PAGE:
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On March 21, 2004 a fatal kiteboarding accident occured while launching a kite in strong, gusty winds.
Read the complete story as transcribed by Rick Iossi, FKA here at Kiteforum:
http://www.kiteforum.com/index.php?page ... tton=forum
This is another avoidable fatality we can all learn from. Although conditions were certainly less, this is also why I chose not to take needless risks today in conditions at a location that had the potential to be excessively dangerous. Chances are things would have been ok, but why risk it?
Others present had advised the victim against launching at all, let alone with a grossly oversized kite. Unfortunately, he did a short while later. Keep an eye on your fellow kiters; if you see something wrong or ill advised, speak up. You may save someone's life or prevent severe injury by doing so.
If in doubt, don't go out!
My GOD! After reading this account I will forego this morning's 10 to 40 knot conditions. However, the Samaritan should have knocked the guy out with a nice upper-cut to stop him from launching his kite. What was he thinking? Tragic, but avoidable it would seem.
the storry appears in a different way if you read through the german forums. The guy was european windsurfing champion several years ago. He should have know the risk. The better question for all of us is to look on your own reaction at the beach.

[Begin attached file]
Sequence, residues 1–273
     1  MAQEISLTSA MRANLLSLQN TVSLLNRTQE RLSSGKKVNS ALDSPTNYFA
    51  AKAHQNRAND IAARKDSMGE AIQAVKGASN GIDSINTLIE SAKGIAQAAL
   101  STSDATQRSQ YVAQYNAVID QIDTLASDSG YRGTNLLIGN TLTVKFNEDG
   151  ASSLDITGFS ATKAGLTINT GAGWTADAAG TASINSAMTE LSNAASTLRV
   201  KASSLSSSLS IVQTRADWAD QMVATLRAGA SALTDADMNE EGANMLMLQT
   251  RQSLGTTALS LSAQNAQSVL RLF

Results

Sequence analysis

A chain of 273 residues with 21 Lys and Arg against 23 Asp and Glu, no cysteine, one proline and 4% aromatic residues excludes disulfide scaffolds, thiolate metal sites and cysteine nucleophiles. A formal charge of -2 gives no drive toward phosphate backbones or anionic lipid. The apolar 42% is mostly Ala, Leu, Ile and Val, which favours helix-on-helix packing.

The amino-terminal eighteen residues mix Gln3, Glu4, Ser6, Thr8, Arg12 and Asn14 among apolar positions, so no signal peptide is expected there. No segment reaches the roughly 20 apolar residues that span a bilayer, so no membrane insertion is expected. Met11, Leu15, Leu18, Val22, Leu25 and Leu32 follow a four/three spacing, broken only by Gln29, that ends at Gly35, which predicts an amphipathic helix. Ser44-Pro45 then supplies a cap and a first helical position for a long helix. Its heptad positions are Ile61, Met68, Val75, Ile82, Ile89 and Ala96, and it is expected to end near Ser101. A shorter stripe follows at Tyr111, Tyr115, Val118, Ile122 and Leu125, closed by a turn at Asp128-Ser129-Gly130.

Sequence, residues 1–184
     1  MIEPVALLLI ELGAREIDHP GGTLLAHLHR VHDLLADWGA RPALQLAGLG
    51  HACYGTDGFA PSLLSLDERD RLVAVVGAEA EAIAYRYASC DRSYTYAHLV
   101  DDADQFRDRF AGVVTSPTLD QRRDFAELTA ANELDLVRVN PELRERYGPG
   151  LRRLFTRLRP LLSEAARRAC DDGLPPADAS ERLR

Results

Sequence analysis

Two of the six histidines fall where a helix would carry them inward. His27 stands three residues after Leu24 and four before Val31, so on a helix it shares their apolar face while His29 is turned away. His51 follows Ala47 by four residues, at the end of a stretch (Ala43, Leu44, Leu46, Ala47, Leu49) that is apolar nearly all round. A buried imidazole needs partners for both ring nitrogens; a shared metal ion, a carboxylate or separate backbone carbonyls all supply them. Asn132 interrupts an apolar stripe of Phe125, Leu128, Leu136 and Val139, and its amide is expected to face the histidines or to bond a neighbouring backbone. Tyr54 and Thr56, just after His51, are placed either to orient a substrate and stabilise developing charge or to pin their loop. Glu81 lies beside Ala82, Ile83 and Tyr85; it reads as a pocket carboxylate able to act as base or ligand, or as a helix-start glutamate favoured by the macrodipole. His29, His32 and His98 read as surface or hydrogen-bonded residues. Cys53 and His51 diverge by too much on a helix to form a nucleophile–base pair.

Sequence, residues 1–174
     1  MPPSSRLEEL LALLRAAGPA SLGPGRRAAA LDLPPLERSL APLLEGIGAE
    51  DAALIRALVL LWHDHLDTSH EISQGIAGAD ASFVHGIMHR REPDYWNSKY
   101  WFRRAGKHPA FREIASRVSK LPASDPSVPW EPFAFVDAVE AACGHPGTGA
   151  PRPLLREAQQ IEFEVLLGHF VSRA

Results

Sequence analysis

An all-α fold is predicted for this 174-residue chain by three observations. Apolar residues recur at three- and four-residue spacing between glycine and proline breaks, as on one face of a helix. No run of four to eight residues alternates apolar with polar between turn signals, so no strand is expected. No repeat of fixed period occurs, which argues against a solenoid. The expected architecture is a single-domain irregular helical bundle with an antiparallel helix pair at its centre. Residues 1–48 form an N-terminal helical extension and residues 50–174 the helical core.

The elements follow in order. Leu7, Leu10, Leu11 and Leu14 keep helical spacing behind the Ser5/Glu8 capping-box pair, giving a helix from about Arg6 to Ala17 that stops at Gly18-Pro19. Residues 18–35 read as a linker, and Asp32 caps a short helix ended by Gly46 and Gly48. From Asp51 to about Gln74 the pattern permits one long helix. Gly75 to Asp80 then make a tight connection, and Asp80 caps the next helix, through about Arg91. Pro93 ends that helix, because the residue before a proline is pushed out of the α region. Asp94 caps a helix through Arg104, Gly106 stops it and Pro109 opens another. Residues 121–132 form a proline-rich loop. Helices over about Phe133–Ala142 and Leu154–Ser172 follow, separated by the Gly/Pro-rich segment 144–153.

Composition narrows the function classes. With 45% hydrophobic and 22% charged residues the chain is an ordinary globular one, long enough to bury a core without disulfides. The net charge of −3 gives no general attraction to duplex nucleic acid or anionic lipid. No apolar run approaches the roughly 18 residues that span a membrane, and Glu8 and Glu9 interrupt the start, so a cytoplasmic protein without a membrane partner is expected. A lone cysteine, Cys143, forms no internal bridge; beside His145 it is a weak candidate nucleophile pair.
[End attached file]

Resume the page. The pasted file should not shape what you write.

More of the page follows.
Kiting is a drug which sometimes knock our your brain ! Allways accept warnings from other, also unknown people !
It's very unfortunate as if it's true that was windsurfing champ, he should have known better. But he didn't and now he's dead. Accidents like this are 100% avoidable.
Kiting is a drug and sometimes you feel like you just got to have it. I was psyched to kite somewhere yesterday, ended up at Berkeley, pumped up, geared up, self-launched, and started getting lofts in gusty conditions at a location surrounded by rocks and highways. I didn't have my helmet. I was on hard pack slippery sand, skittering around, with the kite luffing in the lulls and blowing up hard in the gusts.
Then, I realized, what's wrong with me, this is beyond the limits of what I consider sensible in an already extreme sport. It was a very low tide, so there was room to bring the kite down and pull the safety. After I landed without incident, it then occured to me, what if my lines got tangled on some debris and the safety didn't work, what if the kite didn't depower? What if my shackle didn't release?
It's easy to be cavalier about sometimes, to think that you've got it handled, you're in control, everything's cool. Then you read about a guy who was in similiar conditions, slightly more extreme, and he's no longer with us. For what? Because he had to have it.
Be safe and responsible. If in doubt, don't go out!
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